When a brand successfully jumps from early adopters to early majority (also known as crossing the chasm), they’re likely to be successful. Sounds epic, doesn’t it?

Today, what I wonder (and what Google has so far provided no answer for) is: what’s the opposite of the Technology Adoption Life Cycle? The abandonment cycle? Is there a bell curve showing what happens when innovators and early adopters leave en masse? I wonder because I have a feeling that if more of us continue to jump off the IG bandwagon, it’s going to suffer the slow aging, depletion of talent and creative death that Facebook has experienced.

The numbers we looked at above only show us what was going on at the beginning of the year. There are certainly some external factors to take into account.

By early Spring, a number of countries were in full vaccine roll-out mode. After coming out of a locked-down winter, my feeling is: of course the numbers went down. People were out and about, finally! We were looking at our phones less. Congratulations everyone!

Recently, I was made aware of a similar trend which touched many other digital businesses, creators and online social groups which had become a lifeline during the long months of COVID confinement. Summer was a huge slump for many of them. People were in need of IRL, breaks and holidays. I mean even I disappeared, abandoning my beloved podcast for six weeks, so yes, online socialising dropped off the radar, for a good reason. And I experienced it first hand.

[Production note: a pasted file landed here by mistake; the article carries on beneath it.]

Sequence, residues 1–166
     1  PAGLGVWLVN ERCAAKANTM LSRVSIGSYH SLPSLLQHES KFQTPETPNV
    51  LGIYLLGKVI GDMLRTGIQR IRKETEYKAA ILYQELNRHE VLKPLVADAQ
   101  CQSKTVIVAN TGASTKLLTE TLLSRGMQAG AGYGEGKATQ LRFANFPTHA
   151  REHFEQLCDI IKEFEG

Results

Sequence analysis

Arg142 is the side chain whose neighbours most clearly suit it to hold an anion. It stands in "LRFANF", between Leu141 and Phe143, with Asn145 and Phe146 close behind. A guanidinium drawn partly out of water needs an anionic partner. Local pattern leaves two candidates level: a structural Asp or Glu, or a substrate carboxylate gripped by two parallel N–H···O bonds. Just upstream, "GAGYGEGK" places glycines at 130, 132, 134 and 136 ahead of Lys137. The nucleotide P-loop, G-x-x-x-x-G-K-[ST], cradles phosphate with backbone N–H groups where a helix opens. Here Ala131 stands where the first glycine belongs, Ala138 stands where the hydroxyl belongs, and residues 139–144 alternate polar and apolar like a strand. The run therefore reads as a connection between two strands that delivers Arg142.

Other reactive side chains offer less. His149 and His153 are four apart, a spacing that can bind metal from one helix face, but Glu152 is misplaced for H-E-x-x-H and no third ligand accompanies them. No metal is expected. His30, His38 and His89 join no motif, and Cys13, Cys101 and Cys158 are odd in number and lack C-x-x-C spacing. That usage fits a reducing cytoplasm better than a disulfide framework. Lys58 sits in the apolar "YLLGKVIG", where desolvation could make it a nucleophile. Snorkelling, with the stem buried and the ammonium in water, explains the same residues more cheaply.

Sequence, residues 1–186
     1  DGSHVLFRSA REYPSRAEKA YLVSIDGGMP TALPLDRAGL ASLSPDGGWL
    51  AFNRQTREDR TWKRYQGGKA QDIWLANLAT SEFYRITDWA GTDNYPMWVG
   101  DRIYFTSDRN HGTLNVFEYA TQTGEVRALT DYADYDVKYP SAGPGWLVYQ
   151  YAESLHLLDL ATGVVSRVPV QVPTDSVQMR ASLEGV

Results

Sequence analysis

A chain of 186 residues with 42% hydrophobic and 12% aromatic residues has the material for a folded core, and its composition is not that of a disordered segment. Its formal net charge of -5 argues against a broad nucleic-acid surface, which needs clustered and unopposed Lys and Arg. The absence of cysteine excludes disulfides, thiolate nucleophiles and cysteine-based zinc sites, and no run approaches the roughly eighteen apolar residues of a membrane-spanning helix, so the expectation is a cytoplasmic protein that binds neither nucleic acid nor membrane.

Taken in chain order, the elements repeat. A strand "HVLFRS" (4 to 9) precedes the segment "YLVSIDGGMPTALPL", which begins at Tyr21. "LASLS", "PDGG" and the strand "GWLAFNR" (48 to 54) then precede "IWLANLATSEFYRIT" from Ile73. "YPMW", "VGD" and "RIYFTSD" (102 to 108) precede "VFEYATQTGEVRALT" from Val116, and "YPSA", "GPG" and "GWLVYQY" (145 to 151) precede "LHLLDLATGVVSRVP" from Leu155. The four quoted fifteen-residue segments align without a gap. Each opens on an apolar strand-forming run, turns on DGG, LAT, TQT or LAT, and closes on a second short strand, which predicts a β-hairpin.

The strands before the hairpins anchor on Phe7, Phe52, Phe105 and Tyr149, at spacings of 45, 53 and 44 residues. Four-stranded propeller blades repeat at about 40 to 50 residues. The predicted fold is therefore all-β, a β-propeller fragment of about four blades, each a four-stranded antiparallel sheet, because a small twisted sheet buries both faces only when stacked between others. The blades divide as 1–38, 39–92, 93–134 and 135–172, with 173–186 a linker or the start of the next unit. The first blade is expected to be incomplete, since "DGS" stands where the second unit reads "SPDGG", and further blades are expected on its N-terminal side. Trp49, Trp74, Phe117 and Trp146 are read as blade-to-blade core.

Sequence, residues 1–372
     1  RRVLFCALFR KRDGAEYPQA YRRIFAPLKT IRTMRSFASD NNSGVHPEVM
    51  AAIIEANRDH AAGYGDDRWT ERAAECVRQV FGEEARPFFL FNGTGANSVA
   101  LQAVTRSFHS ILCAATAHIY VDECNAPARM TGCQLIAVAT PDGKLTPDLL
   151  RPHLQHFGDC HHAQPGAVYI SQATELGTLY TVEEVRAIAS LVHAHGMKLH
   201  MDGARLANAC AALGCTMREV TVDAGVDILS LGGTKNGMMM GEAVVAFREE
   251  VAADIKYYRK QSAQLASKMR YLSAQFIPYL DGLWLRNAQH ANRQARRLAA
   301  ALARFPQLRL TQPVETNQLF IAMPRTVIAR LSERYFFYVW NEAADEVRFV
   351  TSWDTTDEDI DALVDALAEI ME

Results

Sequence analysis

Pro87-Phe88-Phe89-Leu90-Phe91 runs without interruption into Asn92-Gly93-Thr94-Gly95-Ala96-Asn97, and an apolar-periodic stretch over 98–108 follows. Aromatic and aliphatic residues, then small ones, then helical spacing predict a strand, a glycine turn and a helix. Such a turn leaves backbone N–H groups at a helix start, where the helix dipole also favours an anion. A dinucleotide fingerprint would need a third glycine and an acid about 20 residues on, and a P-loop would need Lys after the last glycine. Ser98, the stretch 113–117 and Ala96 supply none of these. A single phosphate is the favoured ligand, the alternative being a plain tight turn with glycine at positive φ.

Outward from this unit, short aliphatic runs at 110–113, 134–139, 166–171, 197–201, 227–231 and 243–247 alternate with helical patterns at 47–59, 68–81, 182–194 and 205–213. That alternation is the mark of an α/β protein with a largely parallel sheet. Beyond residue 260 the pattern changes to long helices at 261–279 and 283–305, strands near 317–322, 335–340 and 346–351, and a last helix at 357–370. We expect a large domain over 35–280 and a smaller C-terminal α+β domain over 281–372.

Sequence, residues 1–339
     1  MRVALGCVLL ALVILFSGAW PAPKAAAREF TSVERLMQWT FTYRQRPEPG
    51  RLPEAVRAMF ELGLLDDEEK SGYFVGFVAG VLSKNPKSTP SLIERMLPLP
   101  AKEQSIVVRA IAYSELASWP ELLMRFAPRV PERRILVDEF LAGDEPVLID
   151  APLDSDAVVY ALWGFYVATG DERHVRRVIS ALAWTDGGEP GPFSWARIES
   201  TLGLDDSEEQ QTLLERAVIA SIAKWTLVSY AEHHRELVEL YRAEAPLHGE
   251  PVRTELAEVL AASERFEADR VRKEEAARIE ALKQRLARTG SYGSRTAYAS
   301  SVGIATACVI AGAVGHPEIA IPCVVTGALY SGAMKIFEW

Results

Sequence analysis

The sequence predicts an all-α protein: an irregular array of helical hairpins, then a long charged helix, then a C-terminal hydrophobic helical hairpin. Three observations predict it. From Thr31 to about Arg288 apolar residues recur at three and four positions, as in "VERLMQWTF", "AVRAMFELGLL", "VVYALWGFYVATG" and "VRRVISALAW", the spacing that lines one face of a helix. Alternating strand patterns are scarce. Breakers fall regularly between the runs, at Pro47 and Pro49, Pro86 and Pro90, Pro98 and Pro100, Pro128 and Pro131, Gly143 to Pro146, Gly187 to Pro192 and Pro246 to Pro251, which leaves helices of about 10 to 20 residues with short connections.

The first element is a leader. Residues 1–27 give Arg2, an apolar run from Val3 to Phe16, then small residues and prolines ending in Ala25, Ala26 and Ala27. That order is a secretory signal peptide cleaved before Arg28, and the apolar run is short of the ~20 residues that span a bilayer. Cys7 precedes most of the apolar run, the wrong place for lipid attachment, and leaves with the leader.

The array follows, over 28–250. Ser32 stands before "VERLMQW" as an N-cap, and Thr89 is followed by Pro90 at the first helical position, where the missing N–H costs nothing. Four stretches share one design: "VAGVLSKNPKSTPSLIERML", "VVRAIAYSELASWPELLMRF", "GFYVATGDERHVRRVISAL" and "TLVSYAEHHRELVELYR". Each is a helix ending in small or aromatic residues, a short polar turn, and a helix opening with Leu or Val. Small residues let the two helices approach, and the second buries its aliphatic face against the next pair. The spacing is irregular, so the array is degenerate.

I’ve regularly mentioned the Bento Society, a group I have been interacting with once or twice weekly since June 2020. Just last week, it was announced that the Society would be going into hibernation for a few months. There were a few reasons for this decision but the post-summer online social slump was certainly an important factor.

So, knowing and applying that to IG, I imagine that the downward trend has dipped even further over the third quarter of this year. Mind you, only time will tell.

OVERSATURATED

My overwatering metaphor, which had originated from a pet sitter almost killing my plants this summer, (surprisingly) resurfaced as relevant to this story.

Pottering around in my bathroom earlier, I chose to listen to a summary of Growth Hacker Marketing by Ryan Holiday, an ebook he published in 2013. It reminded me of the shift IG, Facebook and co. had experienced over the last decade, transforming, metamorphosing even, from social networks to social media. Again, unless you are really into this stuff, maybe the distinction isn’t as clear to you as it is to me - but it’s an important one.

Today, we as a society, as brands and as individuals, publish our lives and broadcast our points of view and choices 'à la masse media'. Over the past year, curated feeds partially disappeared, making room for what is now called ‘photo dumps’ - an IG trend as clear as its name: heavy, hurried content, shoved out carelessly.

So, how does this all relate back to overwatering plants you may ask?

Overwatering, in simple terms, drowns your plant (so says the internet), resulting in a limited oxygen supply and plants are not able to breathe. Translating this back into human terms, it sounds a lot like anxiety to me.

Is it possible that WE are oversaturated, suffocating or drowning under, from being submerged by each other's 'social' media broadcasts, even more so when they’re carelessly distributed? With anxiety at record highs everyone… something to think about. Perhaps it’s time to take a break and take a breath, literally and otherwise.

Yet we want to be connected to each other, and the socials (network or media) are still able to offer this. But in this mass broadcast dump, what truly remains social about it today? I assume not much. It strikes me as unlikely that the existing platforms will help us engage mindfully, meaningfully.